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They Just Like Talking to Salesmen


Paul recently discussed Jonathan Turley, the “liberal” legal “expert” Republicans got from their book of Deadbeat magazine subscription leads to give bad faith misinformation about impeachment to the public. As part of a discussion of Turley’s performance as Trump’s Brand X Dershowitz, Elie Mystal reminds us of what is arguably an even more disgraceful episode:

The scholarly grift is so successful because very few people outside of legal academia feel like they have the educational chops to challenge these people, and very few people inside the academy see it as their job to take the grifters down. During the confirmation battle for Supreme Court Justice Sonia Sotomayor—the first woman of color ever nominated to the Supreme Court—Turley argued that his thorough “review” of 30 Sotomayor opinions revealed that she lacked the “intellectual depth” of a good Supreme Court nominee. You can imagine how often media hosts, many of whom haven’t even read one Supreme Court opinion, felt empowered to call Turley out on his racist claptrap. (And it was racist claptrap. Read Sotomayor’s dissent in the travel ban case to get a taste of the woman who has quickly become the fiercest writer on the court since Thurgood Marshall.)

Turley wasn’t even the lead dog in the campaign to belittle Sotomayor. The tip of that spear was George Washington Law professor Jeffrey Rosen. In a piece for The New Republic titled “The Case Against Sotomayor,” Rosen found some unnamed law clerk to say that Sotomayor was “not that smart and kind of a bully on the bench.” Rosen now runs the legitimate sounding National Constitution Center. They just gave retired Republican justice Anthony Kennedy, who stepped down so Trump could name Brett Kavanaugh as his replacement, an award.

These legal elites are ensconced in tenure and available for comment. They don’t wear MAGA hats or share white supremacist memes on Twitter. They understand that the appearance of “objective analysis” is the key to smuggling in all of their Republican talking points under the guise of balance. During his Clinton testimony, Turley said he voted for Clinton. During his Trump testimony, Turley said that he didn’t vote for Trump. He said that his votes “didn’t matter,” but he was sure to put that useless information on the record both times. Why? Well, it’s an old trick, one Frodo Baggins would see through: “A servant of the enemy would look fairer and feel fouler.”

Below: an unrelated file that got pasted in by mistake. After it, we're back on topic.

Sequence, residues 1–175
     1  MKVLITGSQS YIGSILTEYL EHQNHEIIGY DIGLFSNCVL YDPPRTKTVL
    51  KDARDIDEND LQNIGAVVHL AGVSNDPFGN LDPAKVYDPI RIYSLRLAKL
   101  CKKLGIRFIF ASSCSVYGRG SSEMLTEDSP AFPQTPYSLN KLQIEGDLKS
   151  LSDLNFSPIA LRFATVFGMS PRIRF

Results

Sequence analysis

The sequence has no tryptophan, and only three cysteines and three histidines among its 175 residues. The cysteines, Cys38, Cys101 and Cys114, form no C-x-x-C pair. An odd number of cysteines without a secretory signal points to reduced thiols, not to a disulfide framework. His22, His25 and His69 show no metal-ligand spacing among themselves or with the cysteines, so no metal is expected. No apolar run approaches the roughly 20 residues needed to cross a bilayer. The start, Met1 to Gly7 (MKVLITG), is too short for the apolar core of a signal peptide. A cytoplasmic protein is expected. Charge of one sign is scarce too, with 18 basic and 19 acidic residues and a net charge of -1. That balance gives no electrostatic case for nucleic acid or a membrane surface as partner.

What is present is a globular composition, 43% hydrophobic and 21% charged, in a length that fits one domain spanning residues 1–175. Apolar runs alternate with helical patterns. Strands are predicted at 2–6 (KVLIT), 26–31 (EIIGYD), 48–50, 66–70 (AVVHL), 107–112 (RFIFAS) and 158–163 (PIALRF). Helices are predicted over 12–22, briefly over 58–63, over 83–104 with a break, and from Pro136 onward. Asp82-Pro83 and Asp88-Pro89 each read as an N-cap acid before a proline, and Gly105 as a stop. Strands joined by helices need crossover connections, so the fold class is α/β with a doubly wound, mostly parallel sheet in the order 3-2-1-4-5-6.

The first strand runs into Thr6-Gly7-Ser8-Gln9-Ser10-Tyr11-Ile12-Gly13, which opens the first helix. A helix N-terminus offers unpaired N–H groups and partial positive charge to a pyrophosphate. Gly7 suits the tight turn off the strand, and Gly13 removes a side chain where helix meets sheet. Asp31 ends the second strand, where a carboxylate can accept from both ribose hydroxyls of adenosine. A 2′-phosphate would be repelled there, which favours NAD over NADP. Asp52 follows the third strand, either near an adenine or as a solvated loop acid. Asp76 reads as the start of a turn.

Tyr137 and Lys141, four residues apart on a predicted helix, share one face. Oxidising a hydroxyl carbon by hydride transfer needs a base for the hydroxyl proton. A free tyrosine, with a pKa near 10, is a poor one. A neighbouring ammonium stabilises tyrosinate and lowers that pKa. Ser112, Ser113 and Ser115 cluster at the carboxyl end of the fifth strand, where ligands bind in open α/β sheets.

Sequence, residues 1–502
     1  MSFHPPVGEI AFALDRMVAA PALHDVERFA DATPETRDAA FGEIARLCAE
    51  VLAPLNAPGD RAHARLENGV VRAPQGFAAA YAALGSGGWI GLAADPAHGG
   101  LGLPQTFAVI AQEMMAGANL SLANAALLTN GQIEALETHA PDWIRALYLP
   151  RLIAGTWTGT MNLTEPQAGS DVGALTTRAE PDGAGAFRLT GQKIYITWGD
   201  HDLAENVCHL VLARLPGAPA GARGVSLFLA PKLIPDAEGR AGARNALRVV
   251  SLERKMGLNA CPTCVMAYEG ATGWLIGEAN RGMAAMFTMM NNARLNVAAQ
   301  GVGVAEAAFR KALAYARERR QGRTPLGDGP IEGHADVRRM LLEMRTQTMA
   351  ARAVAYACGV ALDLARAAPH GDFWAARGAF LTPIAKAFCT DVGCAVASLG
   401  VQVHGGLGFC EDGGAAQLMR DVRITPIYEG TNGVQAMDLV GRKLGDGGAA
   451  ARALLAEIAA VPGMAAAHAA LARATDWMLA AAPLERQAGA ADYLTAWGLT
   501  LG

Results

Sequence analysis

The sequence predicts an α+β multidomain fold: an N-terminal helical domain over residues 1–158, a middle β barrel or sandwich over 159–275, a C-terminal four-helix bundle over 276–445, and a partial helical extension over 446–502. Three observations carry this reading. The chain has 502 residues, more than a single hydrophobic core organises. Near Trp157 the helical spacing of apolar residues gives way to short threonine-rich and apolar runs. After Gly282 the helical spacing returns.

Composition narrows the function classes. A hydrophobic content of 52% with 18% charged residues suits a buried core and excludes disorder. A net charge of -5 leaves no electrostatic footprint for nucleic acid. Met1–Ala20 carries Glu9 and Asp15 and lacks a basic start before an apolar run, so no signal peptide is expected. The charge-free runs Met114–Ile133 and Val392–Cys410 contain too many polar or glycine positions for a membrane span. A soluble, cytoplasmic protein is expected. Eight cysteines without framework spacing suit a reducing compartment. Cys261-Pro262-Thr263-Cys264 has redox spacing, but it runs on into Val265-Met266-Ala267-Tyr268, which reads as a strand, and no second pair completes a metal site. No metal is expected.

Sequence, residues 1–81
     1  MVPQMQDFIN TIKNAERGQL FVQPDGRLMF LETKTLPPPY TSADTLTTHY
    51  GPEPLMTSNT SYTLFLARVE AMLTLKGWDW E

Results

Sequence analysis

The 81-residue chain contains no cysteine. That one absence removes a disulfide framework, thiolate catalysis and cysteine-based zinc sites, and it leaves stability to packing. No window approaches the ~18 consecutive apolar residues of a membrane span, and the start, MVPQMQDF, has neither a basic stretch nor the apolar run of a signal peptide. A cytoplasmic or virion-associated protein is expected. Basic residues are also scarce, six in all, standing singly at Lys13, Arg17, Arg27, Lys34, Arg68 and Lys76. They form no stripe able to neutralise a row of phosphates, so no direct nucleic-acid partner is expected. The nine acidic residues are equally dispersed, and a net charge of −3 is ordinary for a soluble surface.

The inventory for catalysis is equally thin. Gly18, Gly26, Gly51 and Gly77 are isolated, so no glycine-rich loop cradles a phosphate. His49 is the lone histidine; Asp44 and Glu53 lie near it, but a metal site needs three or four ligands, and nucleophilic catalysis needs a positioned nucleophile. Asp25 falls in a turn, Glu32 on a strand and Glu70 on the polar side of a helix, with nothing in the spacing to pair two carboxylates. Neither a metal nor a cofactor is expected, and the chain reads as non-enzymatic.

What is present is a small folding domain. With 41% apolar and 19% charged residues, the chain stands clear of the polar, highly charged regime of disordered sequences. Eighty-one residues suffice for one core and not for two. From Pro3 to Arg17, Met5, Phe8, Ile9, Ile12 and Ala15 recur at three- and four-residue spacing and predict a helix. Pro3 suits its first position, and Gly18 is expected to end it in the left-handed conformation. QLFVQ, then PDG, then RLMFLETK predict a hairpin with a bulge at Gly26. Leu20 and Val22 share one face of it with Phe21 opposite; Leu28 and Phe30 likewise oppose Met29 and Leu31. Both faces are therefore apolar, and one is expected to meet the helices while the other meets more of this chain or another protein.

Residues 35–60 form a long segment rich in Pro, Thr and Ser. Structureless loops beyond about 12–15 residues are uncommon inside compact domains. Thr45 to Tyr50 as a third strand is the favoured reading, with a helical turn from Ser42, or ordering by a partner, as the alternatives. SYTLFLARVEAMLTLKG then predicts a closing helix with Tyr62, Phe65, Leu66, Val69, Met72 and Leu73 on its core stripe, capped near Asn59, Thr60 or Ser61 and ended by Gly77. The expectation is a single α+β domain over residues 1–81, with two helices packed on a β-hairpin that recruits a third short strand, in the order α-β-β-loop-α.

In my Supreme Court seminar this quarter, one of the books we discussed was Laura Kalman’s superb recent book The Long Reach of the Sixties. It deserves a post of its own, but one point she emphasizes in her history of LBJ and Nixon’s Supreme Court nominations is that it’s one of the many asymmetries between the parties: Republican judicial nominees keep getting more and more reactionary, while Democratic presidents generally nominate judges well to the right of New Deal/Great Society liberals like Douglas and Brennan and Marshall. Sotomayor is the closest a Democratic Supreme Court nominee has come to representing that tradition since the Johnson administration, and it’s no coincidence that she also got far more inane criticism from Even The Liberal bullshit artists and careerists than Kagan did, despite having considerably superior formal credentials. The idea that Sotomayor was temperamentally or intellectually unqualified had exactly as much basis as the idea that Brett Kavanaugh was a man of the most distinguished intellect and moral character, but when it comes to this particular grift there’s no legal cooling off period or lemon law when the public finds it’s been sold eight units of Mountainview by Republicans and their deadbeat “liberal” enablers.

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